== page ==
How NVIDIA EGX Accelerates AI at the Edge

TREND ANALYSIS: The model of the engineered system is that it’s a full turnkey solution that offers all the necessary hardware and software required to perform a specific task. NVIDIA's is literally about plug-and-play AI.

NVDIA.Computex2019

This week at Computex 2019 in Taipei, GPU market leader NVIDIA announced its new EGX server, an engineered system that brings high performance, low latency AI to the edge. The concept of EGX is similar to NVIDIA’s DGX, which is an engineered system specifically designed for data science teams (hence DGX, where Edge = EGX).

The model of the engineered system is that it’s a full turnkey solution that offers all the necessary hardware and software required to perform that specific task. It’s literally plug-and-play AI.

Engineered systems accelerate deployment time

I’ve spoken to DGX customers who have told me that the turnkey nature of DGX enables them to speed up the process of deploying, tweaking and tuning the infrastructure required for data sciences from several weeks or even months to a single day. I expect EGX to have a similar but greater value proposition.

DGX is typically deployed in places where data scientists and IT pros have access to it. EGX is designed for edge locations like 5G base stations, warehouses, factory floors, oil fields and other places where there aren’t people that have physical access to the server. Having the right infrastructure in place day one is critical to success

EGX software is optimized for AI edge inferencing

The NVIDA EGX Edge Stack is optimized for the rigors of AI inferencing. Models can be trained anywhere, but they run on EGX to interpret data. The software stack includes NVIDIA drivers, a CUDA Kubernetes plug-in, a CUDA Docker container runtime environment, CUDA-X libraries, containerized AI specific frameworks such as NVIDIA TensorRT, TensorRT Inference Server and DeepStream. EGX is a reference architecture in which the software stack is loaded on to one many certified server partners.

At launch, the following server manufacturers—in fact, all the major makers—have announced support for EGX: Acer, ASRack, ASUS, Atos, Cisco Systems, Dell-EMC, Fujitsu, Gigabyte, HPE, Inspur, Lenovo, QCT, Sugon, SuperMicro, Tyan and Wiwynn.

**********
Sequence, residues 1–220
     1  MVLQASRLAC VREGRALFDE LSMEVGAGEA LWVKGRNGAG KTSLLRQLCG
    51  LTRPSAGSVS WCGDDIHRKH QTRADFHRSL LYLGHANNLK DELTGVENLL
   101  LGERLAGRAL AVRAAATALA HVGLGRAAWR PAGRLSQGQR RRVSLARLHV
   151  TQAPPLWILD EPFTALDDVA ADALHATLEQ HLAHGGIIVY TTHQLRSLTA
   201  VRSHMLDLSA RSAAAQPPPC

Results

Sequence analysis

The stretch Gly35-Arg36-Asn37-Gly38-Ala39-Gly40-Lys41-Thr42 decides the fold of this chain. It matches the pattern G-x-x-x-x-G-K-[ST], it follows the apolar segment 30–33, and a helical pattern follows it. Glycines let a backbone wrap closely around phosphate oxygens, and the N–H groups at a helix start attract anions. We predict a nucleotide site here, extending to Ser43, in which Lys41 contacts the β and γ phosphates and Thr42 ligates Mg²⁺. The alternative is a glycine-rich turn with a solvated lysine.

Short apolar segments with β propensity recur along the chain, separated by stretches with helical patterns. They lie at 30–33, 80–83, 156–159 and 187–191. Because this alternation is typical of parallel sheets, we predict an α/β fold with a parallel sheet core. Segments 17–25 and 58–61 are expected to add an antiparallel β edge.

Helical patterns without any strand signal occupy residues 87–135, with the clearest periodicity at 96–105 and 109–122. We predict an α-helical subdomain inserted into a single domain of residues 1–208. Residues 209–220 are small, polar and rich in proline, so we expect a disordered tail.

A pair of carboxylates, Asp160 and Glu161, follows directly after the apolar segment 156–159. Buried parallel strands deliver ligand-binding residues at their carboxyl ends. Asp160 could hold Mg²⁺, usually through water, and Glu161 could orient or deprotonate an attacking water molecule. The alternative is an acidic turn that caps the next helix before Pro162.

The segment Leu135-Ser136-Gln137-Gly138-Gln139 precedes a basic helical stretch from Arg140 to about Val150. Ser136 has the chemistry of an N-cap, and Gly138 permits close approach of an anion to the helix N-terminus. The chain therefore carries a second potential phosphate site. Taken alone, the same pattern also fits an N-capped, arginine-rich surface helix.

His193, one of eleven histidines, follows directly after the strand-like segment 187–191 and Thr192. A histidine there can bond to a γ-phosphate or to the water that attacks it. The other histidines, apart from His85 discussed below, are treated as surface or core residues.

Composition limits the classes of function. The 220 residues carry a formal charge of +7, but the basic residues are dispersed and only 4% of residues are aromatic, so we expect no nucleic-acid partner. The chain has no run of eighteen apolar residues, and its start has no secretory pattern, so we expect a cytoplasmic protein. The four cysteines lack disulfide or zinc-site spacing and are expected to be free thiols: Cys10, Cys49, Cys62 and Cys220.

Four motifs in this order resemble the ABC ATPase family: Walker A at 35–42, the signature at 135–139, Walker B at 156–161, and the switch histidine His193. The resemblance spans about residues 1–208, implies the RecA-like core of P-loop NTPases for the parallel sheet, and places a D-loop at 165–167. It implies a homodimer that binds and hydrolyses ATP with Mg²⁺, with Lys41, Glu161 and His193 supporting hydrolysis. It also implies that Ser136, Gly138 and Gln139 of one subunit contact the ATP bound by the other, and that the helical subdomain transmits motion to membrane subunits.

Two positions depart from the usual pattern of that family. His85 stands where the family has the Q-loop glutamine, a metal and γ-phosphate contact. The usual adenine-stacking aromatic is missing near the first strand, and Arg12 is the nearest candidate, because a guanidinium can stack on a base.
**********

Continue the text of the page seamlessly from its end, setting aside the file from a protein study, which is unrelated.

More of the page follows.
Edge microserver ecosystem partners:Abaco, Adlink, Advantech, AverMedia, Cloudian, ConnectTech, Curtiss-Wright, Leetop, MIIVII.com, Musashi and WiBase.

There are also dozens of ISVs that have leveraged EGX for specialized use cases. These include AnyVision, DeepVision, IronYun and Malong. There are also a number of health-care specific offerings from 12 Sigma, Infervision, Qunatib and Subtle Medical.

NVIDIA EGX is designed to be scalable as customers can start with an NVIDIA Jetson Nano GPU, which performs about half a trillion operations per second (TOPS) and can scale up to a full rack of NVIDIA T4 GPU servers, which performs more than 10,000 TOPS. The lower end is ideal for tasks such as image recognition, where the high end would be for real-time AI tasks like real time speech translation and recognition.

CPUs can’t meet the demands of AI

In all cases, EGX brings the benefits of GPU computing to AI. At a recent event, I caught up some folks from Intel, and we discussed edge AI and the challenges there. While we all agreed the edge is where the action is, Intel’s plans seem to revolve around its current Intel Xeon Scalable CPUs and vector-neural network instruction (VNNI) extensions. I have a lot of respect for Intel, because the company pioneered the concept of computing everywhere; however, it’s belief that any kind of AI, including edge AI, can be done with CPUs instead of GPUs shows how clueless it is in that area.

I’m not diminishing the value of CPUs or Intel—every computer needs them—but it’s been well documented by many companies that Moore’s Law is fast approaching its limit, and the demands of AI go far beyond what CPUs are capable of achieving.  

The edge is where the action will be

EGX meets the growing demands of edge computing. For years, conventional wisdom was that all data would move to the cloud. However, not all data is best analyzed in the cloud. Smart cities, retail, oil and gas and other use cases make sense to analyze the data where it’s created, and that’s most often the edge. In fact, with applications like real-time facial recognition at an airport, the amount of time taken to send the data to the cloud, do the analysis and send it back would be too slow to be done in the cloud. This has not only validated the edge but also raised its value. During the next several years, the use cases for AI inferencing will explode, and the EGX server ensures that businesses deploy optimized hardware and software.

There are many makers of GPUs today, but what keeps NVIDIA out in front is its ability to deliver a “full stack” to simplify the process of deployment. There’s no “easy button” for AI, but EGX, like NVIDIA’s other engineered systems, puts the right technology where it’s needed so organizations can worry about deriving insights from data instead of being concerned with how to cobble together AI puzzle pieces.

Zeus Kerravala is the founder and principal analyst with ZK Research. He spent 10 years at Yankee Group and prior to that held a number of corporate IT positions.